Markets in which stock is traded: • Toronto Stock Exchange (TSE) • New York Stock Exchange • NASDAQ (National Association of Securities Dealers Automated Quotation System) • Various stock indexes are available to monitor the overall level of stock prices. A stock index is computed as an average of a group of stock prices. The most famous stock index is the Dow Jones Industrial Average, which has been computed regularly since 1896.
Financial Intermediaries: are financial institutions through which savers can indirectly provide funds to borrowers. The term intermediary reflects the role of these institutions in standing between saver and borrowers. Two of most important financial intermediaries-Banks and Mutual Funds. Banks: A primary job of banks is to take in deposits from people who want to save and use these deposits to make loans to to people who want to borrow. • Besides being financial intermediaries, banks play a second important role in the economy: they facilitate purchases of goods and services by allowing people to write cheques against their deposits. In other words, banks help create a special asset that people can use as a medium of exchange.
Mutual Funds • A mutual fund is an institution that sells shares to the public and uses the proceeds to buy a selection, or portfolio, of various types of stocks, bonds, or both stocks and bonds. • The shareholder of the mutual fund accepts all of the risk and return associated with the portfolio. If the value of the portfolio rises, the shareholder benefits; if the value of the portfolio falls, the shareholder suffers the loss. • The primary advantage of mutual funds is that they allow people with small amounts of money to diversify. “ Don’t put all your eggs in one basket.” • A second advantage claimed by mutual fund companies is that mutual funds give ordinary access to the skills of professional money managers.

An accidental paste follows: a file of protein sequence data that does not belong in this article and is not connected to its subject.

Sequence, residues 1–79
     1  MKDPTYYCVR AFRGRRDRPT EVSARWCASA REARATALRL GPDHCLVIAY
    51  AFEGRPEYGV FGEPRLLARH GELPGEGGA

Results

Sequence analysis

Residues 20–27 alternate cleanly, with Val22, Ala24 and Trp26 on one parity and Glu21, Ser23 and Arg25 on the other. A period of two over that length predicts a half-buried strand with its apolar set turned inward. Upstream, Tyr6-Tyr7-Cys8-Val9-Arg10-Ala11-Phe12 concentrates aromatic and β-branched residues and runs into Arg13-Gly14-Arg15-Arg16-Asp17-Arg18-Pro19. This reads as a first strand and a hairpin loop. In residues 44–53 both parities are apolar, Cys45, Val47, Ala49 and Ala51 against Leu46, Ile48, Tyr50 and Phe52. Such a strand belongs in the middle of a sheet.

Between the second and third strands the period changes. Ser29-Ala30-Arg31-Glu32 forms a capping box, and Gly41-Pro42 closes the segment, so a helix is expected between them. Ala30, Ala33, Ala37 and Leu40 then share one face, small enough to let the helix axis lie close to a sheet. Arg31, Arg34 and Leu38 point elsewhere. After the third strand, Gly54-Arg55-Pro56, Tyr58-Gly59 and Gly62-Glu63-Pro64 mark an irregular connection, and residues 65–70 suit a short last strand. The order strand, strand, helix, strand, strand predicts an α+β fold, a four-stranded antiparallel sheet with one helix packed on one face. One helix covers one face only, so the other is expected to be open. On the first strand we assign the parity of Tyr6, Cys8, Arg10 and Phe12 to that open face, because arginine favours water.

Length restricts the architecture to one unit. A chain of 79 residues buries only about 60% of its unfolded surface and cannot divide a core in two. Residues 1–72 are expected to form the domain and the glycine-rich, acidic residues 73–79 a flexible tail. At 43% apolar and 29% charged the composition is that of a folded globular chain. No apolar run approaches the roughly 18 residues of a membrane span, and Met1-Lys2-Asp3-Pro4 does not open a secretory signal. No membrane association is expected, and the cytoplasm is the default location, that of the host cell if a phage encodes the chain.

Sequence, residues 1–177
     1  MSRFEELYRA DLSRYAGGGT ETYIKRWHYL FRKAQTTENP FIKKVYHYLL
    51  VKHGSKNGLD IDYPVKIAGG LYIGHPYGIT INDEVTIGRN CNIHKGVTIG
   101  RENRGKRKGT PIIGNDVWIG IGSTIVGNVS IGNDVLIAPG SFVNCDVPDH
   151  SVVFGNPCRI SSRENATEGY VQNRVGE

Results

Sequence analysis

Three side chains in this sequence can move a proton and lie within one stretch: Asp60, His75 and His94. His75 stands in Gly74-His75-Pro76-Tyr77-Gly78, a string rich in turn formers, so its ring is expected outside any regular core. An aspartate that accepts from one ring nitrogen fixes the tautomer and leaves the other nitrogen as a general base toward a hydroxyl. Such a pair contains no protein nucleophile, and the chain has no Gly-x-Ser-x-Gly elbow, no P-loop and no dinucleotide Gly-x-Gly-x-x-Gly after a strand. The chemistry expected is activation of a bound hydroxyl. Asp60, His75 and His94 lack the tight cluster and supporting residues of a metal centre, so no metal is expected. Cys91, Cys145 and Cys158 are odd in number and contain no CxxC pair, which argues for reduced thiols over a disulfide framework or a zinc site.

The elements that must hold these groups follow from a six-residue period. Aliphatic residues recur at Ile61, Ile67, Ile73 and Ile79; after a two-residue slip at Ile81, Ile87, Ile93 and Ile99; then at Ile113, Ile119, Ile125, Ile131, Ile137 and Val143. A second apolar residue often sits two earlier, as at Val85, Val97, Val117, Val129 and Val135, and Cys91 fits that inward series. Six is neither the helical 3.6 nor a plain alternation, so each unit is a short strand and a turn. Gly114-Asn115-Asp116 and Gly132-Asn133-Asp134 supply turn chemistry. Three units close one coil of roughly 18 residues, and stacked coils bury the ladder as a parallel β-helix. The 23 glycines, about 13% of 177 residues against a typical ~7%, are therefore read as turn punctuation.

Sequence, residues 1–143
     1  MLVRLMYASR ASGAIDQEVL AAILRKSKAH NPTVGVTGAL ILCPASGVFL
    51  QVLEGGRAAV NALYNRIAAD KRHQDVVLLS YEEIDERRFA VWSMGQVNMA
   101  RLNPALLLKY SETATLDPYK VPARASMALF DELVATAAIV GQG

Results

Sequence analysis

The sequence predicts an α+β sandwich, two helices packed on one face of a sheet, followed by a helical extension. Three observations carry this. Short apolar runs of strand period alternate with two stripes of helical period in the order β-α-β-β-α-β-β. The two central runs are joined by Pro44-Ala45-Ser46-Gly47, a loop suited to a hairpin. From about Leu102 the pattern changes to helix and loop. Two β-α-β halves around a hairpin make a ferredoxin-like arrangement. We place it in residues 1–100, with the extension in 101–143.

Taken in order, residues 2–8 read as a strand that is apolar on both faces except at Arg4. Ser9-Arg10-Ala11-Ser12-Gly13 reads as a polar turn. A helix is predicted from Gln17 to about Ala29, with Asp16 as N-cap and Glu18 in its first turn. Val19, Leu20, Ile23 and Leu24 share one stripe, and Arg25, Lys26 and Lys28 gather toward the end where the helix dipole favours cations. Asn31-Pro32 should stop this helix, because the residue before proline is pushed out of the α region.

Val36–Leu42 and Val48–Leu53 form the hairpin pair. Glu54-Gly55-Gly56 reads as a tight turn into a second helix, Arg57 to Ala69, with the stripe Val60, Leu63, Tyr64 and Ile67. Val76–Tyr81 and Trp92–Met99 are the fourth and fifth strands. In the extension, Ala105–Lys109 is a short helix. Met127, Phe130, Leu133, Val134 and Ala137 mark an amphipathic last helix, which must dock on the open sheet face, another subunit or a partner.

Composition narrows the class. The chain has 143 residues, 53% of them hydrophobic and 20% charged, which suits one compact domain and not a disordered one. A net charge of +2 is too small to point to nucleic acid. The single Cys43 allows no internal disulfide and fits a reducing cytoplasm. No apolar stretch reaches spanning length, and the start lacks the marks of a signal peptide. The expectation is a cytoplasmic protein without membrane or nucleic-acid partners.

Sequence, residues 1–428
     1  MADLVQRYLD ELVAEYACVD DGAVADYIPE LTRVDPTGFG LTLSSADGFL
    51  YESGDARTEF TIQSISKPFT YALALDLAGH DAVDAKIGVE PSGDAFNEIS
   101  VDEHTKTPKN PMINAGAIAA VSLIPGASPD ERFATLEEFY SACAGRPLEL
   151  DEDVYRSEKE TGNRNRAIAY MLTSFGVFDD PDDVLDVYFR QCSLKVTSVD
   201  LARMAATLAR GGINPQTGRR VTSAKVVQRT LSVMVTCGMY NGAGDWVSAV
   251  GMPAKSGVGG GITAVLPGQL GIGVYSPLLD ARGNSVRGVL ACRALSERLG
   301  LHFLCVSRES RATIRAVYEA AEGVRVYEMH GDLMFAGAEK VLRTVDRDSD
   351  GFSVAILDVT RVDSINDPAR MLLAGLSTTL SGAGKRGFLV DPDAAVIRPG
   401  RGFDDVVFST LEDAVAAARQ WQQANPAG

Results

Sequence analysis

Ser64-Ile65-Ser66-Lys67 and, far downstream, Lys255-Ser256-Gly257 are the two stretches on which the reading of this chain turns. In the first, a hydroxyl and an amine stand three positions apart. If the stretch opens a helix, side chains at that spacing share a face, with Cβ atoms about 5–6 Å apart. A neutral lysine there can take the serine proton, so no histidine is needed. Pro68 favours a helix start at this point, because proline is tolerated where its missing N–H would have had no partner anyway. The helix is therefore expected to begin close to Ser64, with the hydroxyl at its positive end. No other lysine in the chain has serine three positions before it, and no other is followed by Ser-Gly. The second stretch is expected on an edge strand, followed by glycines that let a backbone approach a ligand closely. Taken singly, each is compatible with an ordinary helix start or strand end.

Other financial intermediaries include: • Savings and Loans Associations • Credit Unions • Pension Funds • Insurance Companies • Loan Sharks
Saving and Investment in the National Income Accounts • Recall: GDP is both total income in an economy and the total expenditure on the economy’s output of goods and services: Y = C + I + G + NX • Assume a closed economy:Y = C + I + G • National Saving or Saving: the total income in the economy that remains after paying consumption and government purchase. Saving is equal to: Y - C - G = I = S • National Saving or Saving is equal to: Y - C - G = I = S or S = (Y - T - C) + (T - G) where “T” = taxes net of transfers • Two components of national saving: Private Saving = (Y - T - C) Public Saving = (T - G)
Private Saving is the amount of income that households have left after paying their taxes and paying for their consumption. • Public Saving is the amount of tax revenue that the government has left after paying for its spending. • For the economy as a whole, saving must be equal to investment. • Budget surplus: an excess of tax revenue over government spending • Budget deficit: a shortfall of tax revenue from government spending